Insight & Analysis

Fixing the corporate onboarding process

Published: Apr 2018

Onboarding with a bank is a lengthy and complex process for treasury teams. It is time to fix this.

The bank account sits at the heart of a corporate treasury’s operation. Without it, treasury cannot do its job. Yet despite the cruciality of the bank account to every company on the planet, the process of opening and managing it is often lengthy and fraught with frustration.

Indeed, research from Thomson Reuters indicates that 85% of corporates have had a bad experience opening a bank account. This might have something to do with the 32 days it takes to open an account on average – a number that is creeping up year-on-year. Irritation also stems from the frequency with which banks contact corporates throughout the bank account onboarding process – an average of nine times according to Thomson Reuters.

Treasurers have made their frustrations clear, with big elements of the onboarding process, such as KYC, appearing near the top of every survey highlighting treasury pain points. And whilst industry players continue to spend significant time and effort to relieve the issues, treasurers continue to have to spend more time than is necessary opening and managing bank accounts.

J.P. Morgan, however, claims to have solved this problem, for its own clients at least. The bank’s DataOnce™ solution – launched in the US late last year and currently rolling out across Europe – digitises the onboarding process end-to-end, driving efficiency for both the bank and its clients.

Smooth process

At the heart of the solution is a dashboard that the bank’s clients can access through its online banking portal. From this dashboard, treasury teams can initiate requests for establishing a new entity or to set up products or accounts for existing entities.

“This in itself is an innovation because it removes most of the latency that typically exists when treasurers make these requests by phone or email, allowing the process of opening the account to begin immediately,” notes Glen Solimine, Executive Director and DataOnce Product Manager at J.P. Morgan.

With the request made, treasurers can monitor its progress within the dashboard. Most crucially, any actions that the treasury team need to take to progress the application are clearly shown on the system. “Providing this visibility and clear instruction is another big improvement,” says Solimine. “Previously corporates would not know the status of the request and must wait to be contacted before taking any action, which again slowed down the process quite significantly.”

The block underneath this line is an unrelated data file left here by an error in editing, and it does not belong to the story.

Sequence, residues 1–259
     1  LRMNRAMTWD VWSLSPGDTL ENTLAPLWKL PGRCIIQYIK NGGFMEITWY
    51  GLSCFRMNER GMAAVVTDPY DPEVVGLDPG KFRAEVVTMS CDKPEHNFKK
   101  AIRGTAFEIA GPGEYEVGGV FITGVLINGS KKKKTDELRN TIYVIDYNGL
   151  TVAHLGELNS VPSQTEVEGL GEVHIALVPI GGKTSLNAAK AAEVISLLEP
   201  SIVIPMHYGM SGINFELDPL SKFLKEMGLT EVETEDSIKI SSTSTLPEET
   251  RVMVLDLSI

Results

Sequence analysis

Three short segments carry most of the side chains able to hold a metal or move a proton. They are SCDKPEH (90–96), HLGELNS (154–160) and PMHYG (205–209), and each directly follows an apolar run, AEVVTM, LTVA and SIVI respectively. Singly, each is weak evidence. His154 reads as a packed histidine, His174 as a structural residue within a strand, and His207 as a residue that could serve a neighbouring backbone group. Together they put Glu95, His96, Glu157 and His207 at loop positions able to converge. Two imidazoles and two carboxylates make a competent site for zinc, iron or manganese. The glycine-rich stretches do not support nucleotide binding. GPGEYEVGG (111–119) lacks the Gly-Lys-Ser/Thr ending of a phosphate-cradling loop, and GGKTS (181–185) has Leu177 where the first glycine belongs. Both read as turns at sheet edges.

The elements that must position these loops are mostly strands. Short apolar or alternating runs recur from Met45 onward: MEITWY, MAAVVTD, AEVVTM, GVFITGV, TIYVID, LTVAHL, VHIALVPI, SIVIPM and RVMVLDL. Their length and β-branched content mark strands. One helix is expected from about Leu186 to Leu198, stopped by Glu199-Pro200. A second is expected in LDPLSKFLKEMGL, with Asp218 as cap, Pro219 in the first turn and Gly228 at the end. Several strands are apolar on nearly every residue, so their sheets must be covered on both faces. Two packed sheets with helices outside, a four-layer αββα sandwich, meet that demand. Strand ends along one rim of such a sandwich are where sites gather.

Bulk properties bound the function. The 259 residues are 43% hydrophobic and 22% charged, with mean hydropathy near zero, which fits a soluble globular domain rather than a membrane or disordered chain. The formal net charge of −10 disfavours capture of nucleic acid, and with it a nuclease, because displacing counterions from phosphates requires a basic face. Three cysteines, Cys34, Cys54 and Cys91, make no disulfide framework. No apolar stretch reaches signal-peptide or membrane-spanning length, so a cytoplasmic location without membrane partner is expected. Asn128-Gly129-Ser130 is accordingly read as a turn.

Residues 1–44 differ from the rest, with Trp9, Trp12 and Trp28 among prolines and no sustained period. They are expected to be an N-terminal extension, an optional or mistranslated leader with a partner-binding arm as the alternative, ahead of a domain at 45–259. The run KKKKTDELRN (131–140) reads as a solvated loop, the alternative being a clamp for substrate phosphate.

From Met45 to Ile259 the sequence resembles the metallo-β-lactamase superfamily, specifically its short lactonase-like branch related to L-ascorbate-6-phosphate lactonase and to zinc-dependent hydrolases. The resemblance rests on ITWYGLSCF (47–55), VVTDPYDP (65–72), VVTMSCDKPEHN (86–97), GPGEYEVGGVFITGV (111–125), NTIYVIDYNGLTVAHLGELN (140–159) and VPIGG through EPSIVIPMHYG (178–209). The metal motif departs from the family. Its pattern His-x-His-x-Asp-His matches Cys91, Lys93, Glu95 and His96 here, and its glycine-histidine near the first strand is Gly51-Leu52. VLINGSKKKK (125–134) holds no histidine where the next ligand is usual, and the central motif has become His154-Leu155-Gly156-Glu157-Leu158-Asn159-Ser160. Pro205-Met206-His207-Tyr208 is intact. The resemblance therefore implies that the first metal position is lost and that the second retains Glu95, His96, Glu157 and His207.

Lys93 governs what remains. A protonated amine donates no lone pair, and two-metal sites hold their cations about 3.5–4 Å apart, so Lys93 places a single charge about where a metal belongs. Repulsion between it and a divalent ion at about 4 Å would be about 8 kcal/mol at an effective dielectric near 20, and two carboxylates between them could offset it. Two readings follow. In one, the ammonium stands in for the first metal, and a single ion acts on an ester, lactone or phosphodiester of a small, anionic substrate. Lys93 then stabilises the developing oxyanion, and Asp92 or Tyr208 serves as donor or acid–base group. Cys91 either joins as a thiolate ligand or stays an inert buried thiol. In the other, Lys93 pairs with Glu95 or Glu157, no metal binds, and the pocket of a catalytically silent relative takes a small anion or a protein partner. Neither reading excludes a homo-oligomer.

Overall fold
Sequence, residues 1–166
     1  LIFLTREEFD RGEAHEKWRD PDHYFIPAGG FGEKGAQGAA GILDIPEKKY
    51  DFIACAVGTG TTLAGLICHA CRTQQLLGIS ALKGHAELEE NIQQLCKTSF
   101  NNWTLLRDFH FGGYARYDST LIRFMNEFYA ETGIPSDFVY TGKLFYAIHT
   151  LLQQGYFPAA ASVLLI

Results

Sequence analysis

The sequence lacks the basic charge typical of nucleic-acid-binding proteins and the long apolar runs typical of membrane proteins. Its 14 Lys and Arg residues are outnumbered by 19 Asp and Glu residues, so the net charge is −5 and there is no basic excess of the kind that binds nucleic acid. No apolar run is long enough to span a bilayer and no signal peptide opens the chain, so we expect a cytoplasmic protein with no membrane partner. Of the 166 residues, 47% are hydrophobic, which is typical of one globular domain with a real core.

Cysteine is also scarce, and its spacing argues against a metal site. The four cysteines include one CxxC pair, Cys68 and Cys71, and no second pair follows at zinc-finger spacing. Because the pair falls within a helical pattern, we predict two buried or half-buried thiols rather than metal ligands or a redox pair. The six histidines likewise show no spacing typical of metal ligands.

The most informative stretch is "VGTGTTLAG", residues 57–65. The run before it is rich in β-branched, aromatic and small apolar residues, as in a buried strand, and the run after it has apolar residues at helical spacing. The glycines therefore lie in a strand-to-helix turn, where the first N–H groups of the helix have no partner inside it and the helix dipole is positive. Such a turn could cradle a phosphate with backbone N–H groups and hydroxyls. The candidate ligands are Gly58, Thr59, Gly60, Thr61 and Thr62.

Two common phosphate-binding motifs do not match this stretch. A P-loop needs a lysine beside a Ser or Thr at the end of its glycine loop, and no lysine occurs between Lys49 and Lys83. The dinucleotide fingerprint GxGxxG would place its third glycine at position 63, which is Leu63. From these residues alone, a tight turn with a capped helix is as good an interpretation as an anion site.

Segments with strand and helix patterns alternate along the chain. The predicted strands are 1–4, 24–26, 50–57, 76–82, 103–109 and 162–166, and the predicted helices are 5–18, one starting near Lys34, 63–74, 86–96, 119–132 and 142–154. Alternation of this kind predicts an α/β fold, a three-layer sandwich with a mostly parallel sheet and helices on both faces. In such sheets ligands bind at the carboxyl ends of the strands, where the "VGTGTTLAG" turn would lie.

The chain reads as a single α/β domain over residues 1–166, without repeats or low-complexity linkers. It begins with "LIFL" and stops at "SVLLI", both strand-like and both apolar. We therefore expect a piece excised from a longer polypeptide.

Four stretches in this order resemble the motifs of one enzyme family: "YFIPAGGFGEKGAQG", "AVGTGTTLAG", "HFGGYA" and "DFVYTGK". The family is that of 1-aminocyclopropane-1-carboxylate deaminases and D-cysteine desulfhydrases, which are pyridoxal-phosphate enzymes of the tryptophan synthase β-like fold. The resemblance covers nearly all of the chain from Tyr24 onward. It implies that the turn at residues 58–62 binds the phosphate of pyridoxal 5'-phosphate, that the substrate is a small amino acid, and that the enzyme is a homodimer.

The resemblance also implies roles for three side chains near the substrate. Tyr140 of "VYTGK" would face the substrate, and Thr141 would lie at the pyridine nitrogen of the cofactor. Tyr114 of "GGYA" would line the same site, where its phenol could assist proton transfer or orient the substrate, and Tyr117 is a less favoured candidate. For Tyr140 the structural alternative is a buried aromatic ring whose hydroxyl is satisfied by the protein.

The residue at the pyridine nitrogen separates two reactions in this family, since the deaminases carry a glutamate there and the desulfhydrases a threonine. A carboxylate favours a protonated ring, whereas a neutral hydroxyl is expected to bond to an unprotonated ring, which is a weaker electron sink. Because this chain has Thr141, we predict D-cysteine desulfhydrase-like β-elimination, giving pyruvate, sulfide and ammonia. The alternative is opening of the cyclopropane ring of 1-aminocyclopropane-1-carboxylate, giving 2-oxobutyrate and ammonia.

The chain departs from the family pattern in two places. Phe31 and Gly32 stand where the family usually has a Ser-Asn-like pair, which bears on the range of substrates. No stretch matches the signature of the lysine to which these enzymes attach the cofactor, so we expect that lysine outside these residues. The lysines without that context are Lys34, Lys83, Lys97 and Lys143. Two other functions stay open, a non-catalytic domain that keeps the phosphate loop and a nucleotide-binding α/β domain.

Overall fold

When it comes to KYC– the real pain point for treasurers – the bank has attempted to streamline it the best it can. Treasurers can save time by filling out online questionnaires and uploading PDFs of scanned documents. Solimine admits that this is still not perfect because the need to print, sign and scan paper documents is still time consuming. “We are looking to bring in eSignature functionality in the near future that will streamline this process significantly.”

Solimine also says that the bank is exploring API layers that would allow it to connect with KYC repositories such as and Thomson Reuters. “The more we can self-serve, the less our clients have to do and the better their experience is,” he says.

Further functionality includes the ability for treasury to save process templates that enable them to skip entering the same information multiple times when opening new accounts.

Matching client expectations

Ultimately, the success of the solution will be proved by how much time treasurers can save when onboarding. According to the bank, it already has multiple cases of accounts being opened in minutes, even in the middle of the night.

And whilst saving clients’ time is important, Kevin Heins, Managing Director and Global Head of Implementations at J.P. Morgan, argues that it is about more than that. “Banks can no longer operate in a certain way and expect clients to align,” he says. “We must align with how our clients operate and that is what we have attempted to achieve with DataOnce.”

More broadly, Heins notes that clients are expecting a more digitised and user-friendly experience across the board from their banks. “If we can deliver this then we hope clients will want to do more business with us.”

Proprietary solution

Whilst this solution is certainly a step in the right direction, it does not necessarily solve the issue for those corporates dealing with multiple banking partners. Indeed, Heins and Solimine said that currently, the focus is getting DataOnce™ working for J.P. Morgan with no plans to commercialise it in the pipeline.

That being said, if anything, DataOnce™ and the work by J.P. Morgan has shown the path forward for the industry and, if a success, the expectations of treasurers will undoubtedly rise and other banks will be pressured to follow suit.

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